I love the season of autumn. The colors, the sunrise, the retrieval of sweaters and jackets for the brisk mornings and cool evenings. It is a time of shortened daylight and increased meetings. Autumn is also a time where we focus on church stewardship and preparing for the winter season. We gather with friends to enjoy fall festivals, apple cider, church bazaars, potlucks, and football games. In autumn, we seek spiritual reflection as the year begins to wind down.
In Indiana, we turn our attention to the presence of deer on the roads as well as the predictable and colorful shedding of leaves from “deciduous trees.” The word, “deciduous” refers to a tree or shrub that sheds its leaves annually. In a broader usage, “deciduous” implies that which is not permanent or a time of transition.
In this season of transition, we recognize that for many it is a time of challenge and for some, grief. My family, like many other families, is grieving the loss of a family member as we approach Thanksgiving. My wife’s Uncle Sterling was present for our family reunion in July but will be missed this holiday and in future gatherings. His death after a progressive illness does not erase the memories of a life well-lived and times shared with family and friends, for which we are grateful. We celebrated his life at Friendship Baptist Chicago where he served as a Deacon for many years. As we approach Thanksgiving thinking about friends, colleagues, and family who will not gather at the table, may God bless those who have gone on before us.
As we enter into this season of waiting and wondering I find myself asking, “What is the nature of our unity and witness as the global United Methodist Church?”
In this season I want you to know I am more than a fan of Jesus Christ. I am thankful to you for the honesty and grace demonstrated as we affirm our witness of the Triune God. I am thankful for the ways that thousands of diverse people are welcomed into our churches. And I am increasingly thankful for the manner in which we are “being the Church” in healing ways to a hungry and often hurting world. I am forever thankful for words of encouragement and correction.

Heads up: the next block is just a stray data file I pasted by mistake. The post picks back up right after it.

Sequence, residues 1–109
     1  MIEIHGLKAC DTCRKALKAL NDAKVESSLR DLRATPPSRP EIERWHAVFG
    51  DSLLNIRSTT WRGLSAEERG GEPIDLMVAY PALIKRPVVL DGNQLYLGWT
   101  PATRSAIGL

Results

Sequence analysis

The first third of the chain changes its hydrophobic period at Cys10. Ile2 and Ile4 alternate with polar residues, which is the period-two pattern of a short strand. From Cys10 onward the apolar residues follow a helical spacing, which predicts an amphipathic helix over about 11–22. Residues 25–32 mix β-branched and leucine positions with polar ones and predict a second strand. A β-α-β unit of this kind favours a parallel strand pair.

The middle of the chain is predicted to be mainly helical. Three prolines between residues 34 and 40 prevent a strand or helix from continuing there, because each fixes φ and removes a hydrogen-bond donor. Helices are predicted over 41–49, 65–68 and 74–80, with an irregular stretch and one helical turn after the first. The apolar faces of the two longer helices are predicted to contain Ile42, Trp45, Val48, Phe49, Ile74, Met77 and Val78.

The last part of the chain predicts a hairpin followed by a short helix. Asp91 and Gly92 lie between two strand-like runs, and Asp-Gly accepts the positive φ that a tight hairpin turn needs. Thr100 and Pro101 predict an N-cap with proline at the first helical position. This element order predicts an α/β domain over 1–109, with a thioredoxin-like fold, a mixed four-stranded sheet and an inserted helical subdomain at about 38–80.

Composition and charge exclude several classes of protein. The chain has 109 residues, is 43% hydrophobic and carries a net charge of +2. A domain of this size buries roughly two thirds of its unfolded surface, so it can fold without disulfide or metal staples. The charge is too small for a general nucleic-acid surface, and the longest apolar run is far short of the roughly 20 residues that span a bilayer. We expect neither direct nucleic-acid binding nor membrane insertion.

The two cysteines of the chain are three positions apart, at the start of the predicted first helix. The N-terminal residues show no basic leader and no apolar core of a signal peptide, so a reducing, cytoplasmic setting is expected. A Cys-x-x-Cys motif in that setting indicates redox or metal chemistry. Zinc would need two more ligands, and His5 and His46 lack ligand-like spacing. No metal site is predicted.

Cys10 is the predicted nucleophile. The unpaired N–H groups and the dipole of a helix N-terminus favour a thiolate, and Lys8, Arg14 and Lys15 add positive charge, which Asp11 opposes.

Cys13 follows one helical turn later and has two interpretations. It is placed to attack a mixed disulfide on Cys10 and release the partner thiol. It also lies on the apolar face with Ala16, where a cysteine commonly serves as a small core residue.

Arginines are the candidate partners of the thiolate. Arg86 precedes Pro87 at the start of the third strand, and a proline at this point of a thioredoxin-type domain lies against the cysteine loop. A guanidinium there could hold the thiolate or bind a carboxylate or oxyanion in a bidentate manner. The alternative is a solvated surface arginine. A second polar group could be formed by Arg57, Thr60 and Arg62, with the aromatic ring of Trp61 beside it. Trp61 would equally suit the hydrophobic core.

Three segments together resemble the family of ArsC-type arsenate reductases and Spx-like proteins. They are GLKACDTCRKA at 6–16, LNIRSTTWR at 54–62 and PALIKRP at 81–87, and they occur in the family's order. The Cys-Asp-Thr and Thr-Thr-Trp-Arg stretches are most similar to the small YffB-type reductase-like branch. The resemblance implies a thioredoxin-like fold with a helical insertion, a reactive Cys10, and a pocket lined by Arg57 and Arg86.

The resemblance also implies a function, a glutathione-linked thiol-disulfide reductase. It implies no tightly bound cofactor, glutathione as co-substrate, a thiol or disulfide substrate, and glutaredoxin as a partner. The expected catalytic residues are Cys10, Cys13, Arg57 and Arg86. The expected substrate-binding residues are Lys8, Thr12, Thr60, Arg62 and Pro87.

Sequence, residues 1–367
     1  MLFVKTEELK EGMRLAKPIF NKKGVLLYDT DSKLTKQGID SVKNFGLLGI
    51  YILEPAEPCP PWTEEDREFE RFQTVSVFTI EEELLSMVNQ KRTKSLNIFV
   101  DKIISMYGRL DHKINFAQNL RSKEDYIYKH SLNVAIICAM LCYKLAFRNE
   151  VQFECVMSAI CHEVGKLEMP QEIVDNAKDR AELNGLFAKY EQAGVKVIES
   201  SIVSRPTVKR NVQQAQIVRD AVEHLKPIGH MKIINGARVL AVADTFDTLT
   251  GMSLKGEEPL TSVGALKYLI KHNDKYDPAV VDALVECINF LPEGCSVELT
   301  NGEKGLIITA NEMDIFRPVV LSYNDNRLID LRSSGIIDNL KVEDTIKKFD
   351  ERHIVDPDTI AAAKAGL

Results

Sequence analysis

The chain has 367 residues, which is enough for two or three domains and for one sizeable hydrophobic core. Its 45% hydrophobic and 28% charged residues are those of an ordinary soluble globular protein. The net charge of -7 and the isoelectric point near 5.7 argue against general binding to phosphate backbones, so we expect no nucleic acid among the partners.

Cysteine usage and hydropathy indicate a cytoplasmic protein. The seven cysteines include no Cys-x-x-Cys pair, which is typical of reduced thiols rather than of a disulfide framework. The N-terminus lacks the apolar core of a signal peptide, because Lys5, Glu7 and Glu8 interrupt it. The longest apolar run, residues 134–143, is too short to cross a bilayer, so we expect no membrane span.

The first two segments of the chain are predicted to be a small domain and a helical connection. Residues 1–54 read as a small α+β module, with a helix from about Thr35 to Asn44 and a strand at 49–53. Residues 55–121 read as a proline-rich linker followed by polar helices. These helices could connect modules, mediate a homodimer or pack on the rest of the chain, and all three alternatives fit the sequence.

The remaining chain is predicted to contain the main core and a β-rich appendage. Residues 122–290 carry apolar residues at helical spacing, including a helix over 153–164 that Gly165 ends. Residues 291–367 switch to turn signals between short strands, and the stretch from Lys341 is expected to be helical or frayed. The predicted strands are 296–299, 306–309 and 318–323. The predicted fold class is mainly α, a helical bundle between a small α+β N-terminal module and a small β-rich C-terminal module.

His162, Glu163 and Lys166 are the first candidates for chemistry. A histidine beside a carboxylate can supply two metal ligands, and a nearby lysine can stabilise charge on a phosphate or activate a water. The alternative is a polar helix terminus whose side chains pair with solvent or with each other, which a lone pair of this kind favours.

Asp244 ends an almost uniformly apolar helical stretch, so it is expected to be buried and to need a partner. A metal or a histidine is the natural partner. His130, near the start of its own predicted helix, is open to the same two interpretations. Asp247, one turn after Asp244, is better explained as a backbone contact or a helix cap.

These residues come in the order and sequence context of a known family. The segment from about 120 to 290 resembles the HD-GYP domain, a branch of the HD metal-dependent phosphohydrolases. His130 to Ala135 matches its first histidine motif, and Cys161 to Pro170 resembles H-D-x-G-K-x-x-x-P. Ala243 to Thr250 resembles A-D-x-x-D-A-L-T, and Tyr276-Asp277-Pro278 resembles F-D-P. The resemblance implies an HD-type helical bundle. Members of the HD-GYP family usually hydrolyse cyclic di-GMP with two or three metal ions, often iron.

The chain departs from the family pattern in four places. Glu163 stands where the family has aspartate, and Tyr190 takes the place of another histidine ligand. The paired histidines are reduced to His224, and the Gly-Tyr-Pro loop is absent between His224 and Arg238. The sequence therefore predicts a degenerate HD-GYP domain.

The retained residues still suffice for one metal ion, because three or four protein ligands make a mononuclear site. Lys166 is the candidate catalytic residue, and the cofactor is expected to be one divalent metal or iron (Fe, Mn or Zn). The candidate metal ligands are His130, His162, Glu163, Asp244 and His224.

Most of all I am thankful for my United Methodist family which is Christ-centered at its core and is called to lead others to become disciples of Jesus Christ.
In The United Methodist Church, we are in a period of discernment that will result in a decision in 2019 as to the defining nature of our denominational unity. I am neither anxious nor worried. You will hear references to polity or doctrine, scriptural authority, contextual reality, but I still believe the Church belongs to God and God’s love creates community. One of the questions that the Church must address is, “Can we live out an adequately diversified form of the Christian community?” No matter what our organization, we must not obscure people’s view of Jesus Christ.
What is the nature of our unity and witness as a broader community of Christians? My wife and I recently returned from a trip to Africa University, a United Methodist-related institution in Zimbabwe. Our witness is strong and our unity in Christ and commitment to educational opportunities is bearing fruit in the students and graduates of this world-class institution.
Will the Church find a helpful way forward and bring resolution to the long protracted disagreements regarding polity and doctrine (what we affirm, we believe, we allow, we prohibit) regarding human sexuality?
Yes, I am back from the Council of Bishops meeting and I count it a joy to pray and worship with colleagues from across the globe. There are a lot of people represented by over 100 bishops who were in attendance. How do you paint a picture of 12,600,000 people, young and old, who call The United Methodist Church their home? A big and very diverse denomination.
I remain a “prisoner of hope” and I remain unapologetically committed to unity born out of honesty and grace, not church-mandated or human-created, but gifted to us from God through Jesus who prayed in John 17:21 that we may be one in Christ. I experience and witness unity in Indiana when we commit to pray for one another, worship together and give our lives in mission and the pursuit of being missional.
This Thanksgiving I want you to know that the saving love of God is for all people. I am thankful for honesty and grace demonstrated as we affirm our witness of the Triune God. I am thankful for all the communities in Indiana and around the world where we are being the Church.
Most of all I am thankful for you. Let the mission of making and leading people to Jesus Christ and transforming the world be our guide. We are Christ-centered at our core, and missional in our focus. The best of all is, “God is with us.”
Since I heard about your faith in the Lord Jesus and your love for all God’s people, this is the reason that I don’t stop giving thanks to God for you when I remember you in my prayers. – Ephesians 1:15-16. (CEB)
Bishop Julius C. Trimble